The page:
I’m travelling all day today by trains and ferry so I’ll wind back the clock to Sunday where I spent the day with Johan and his family with some incredible hospitality in rural Sweden which gave me a wonderful insight into Swedish life. I meet Johan in the US – one of those chance travel encounters. Here’s a lake we visited, it’s hard to believe that it ices over in winter so people can skate to work across the lake or drive a tractor on it.
Sweden and NZ have a lot in common as smaller counties who value quality of life There’s some differences in how that is achieved – like much of EU there are subsidies to farmers (tech geeks check out open data), restrictions on alcohol (can only by 3.5% alcohol in supermarkets and use a state owned monopoly for other alcohol) and higher taxes. On the flipside there is free tertiary education, efficient public transport and cycling/walking and a diversified export economy.
Johan works at Kommunivest, which finances infrastructure development and investments of the Swedish local authorities and regions (very similar to NZ Local Government Funding Authority, which was based off Scandinavian models).
Kommuninvest was started by nine authorities in the mid-1980’s and now has a Aaa credit rating and the ability to source lower funding from all over the world. Interesting times here with it costing you to keep money in the bank. As I’ve mentioned previously, NZ simply doesn’t have the history in certain activities that other countries do – which is a limitation and opportunity.
So how is all this relevant to economic development and locations of any size?
Infrastructure is often perceived as a boring subject but in many ways it is the most important because it sets the platform for everything else in society. As Joe from the World Bank would say “Infrastructure is now the price of entry” for economies, and underinvestment either exits you from the game or makes you irrelevant. What will the Asian Infrastructure Investment Bank (AIIB) do to further unleash economics in Asia? The worst thing will be to sit still, which will be hard for some people as NZ continues to bridge the infrastructure deficit and keep up with the new pace of first world infrastructure.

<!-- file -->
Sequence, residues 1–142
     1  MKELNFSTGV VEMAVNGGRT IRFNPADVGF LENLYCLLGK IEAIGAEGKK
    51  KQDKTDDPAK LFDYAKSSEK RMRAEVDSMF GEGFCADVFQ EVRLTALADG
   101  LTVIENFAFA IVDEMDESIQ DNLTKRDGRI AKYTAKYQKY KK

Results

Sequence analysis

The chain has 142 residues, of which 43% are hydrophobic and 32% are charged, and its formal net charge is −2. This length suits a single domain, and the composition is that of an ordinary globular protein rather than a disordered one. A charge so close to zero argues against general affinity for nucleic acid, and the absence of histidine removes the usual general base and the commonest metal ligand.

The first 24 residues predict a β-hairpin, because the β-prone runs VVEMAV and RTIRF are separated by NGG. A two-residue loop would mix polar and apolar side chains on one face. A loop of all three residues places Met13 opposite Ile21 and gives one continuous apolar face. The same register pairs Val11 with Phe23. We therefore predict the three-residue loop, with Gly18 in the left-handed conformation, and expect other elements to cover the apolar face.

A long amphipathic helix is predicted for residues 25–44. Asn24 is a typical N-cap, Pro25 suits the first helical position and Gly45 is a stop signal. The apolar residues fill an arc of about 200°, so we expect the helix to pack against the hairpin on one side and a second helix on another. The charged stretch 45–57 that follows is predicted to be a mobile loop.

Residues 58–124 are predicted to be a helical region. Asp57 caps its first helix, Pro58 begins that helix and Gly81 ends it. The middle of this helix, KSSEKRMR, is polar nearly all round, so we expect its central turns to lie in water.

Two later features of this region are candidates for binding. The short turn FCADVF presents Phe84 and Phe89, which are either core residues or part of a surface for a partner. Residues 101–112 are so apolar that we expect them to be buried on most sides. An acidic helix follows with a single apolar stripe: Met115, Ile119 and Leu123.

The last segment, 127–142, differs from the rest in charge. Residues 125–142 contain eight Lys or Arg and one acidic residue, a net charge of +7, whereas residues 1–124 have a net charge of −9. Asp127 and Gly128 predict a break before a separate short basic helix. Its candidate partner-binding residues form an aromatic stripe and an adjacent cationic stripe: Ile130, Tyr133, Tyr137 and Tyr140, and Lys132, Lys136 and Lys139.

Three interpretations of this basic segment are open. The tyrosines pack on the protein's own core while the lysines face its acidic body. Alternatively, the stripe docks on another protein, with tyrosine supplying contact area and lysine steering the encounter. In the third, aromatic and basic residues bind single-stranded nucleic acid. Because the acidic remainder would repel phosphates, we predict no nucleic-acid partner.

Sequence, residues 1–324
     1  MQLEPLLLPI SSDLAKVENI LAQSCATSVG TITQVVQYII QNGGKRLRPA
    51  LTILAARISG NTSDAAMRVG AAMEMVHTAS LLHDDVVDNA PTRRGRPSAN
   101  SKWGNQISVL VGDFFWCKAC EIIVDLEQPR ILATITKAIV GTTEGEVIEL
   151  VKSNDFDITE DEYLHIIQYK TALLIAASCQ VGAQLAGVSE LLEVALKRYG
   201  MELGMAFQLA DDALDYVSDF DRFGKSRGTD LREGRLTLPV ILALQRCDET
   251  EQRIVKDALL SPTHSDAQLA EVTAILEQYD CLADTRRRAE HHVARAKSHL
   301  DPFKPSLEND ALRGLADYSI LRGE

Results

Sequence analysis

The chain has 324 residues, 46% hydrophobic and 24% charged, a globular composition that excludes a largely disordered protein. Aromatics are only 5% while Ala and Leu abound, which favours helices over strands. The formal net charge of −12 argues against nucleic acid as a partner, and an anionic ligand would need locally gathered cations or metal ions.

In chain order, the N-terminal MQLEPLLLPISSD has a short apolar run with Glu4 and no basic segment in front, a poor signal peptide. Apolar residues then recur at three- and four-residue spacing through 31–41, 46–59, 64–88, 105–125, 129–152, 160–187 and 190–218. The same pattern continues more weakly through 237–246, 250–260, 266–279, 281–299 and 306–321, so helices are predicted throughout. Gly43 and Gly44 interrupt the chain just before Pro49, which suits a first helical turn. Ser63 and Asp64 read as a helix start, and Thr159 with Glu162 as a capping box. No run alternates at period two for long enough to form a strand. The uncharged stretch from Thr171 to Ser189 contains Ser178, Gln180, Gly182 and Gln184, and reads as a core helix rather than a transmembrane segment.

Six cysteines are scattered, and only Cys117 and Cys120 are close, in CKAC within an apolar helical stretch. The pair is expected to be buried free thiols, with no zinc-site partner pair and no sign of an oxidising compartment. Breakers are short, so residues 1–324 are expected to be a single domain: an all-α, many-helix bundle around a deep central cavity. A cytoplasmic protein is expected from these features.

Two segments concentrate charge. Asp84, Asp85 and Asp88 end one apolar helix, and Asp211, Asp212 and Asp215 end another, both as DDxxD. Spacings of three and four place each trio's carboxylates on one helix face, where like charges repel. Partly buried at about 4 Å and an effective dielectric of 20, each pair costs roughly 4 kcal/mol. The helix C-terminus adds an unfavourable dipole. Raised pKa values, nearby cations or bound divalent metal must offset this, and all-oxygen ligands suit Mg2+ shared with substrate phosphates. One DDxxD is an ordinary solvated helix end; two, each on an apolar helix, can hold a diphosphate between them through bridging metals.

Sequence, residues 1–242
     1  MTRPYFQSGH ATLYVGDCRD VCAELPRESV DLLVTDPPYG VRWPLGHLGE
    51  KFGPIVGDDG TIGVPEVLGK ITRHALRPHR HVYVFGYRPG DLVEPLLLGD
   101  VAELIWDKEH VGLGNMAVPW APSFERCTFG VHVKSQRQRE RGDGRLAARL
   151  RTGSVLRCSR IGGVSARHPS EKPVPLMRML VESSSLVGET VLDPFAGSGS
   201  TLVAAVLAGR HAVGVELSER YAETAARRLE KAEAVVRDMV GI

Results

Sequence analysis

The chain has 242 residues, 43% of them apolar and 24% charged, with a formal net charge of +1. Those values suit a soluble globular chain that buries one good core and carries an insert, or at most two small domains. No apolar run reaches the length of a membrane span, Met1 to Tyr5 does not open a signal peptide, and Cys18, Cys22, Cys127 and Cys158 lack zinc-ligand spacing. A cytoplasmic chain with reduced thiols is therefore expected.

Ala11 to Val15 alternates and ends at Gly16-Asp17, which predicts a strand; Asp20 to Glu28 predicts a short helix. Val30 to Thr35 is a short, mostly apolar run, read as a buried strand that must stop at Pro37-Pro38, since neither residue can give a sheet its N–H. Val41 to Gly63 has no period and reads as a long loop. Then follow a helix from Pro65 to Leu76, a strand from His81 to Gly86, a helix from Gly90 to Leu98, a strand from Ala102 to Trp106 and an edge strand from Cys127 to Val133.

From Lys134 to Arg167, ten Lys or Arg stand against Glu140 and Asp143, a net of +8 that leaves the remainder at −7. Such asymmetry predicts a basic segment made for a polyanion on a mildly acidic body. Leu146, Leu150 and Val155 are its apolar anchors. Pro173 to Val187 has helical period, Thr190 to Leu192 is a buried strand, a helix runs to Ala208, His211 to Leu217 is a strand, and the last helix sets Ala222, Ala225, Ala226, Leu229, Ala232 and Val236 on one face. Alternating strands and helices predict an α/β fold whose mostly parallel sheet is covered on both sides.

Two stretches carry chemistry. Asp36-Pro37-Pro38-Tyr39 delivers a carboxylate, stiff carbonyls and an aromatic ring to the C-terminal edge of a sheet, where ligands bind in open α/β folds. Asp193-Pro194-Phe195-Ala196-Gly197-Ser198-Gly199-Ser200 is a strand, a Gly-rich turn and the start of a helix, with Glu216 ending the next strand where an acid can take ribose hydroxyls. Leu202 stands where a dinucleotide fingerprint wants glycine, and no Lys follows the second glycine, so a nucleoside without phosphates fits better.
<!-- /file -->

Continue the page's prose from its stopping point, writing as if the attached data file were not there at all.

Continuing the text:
What is infrastructure anyway?
The nature of infrastructure is changing – Wifi has come from nowhere and is now an absolute necessity with people consuming and transacting online…how often do we see locations through the eyes of tourists? Digital and data infrastructure is probably one of the least recognised but critical going forward.
What would disruption look like?
Taking this a step further, how long until we see disruption in more traditional sectors? Will infrastructure be funded differently – crowdsourcing? How long until the banking sector undergoes a disruption Uber or Skype style? What will self driving cars to do insurance companies revenues from premiums and will peer to peer insurance become mainstream?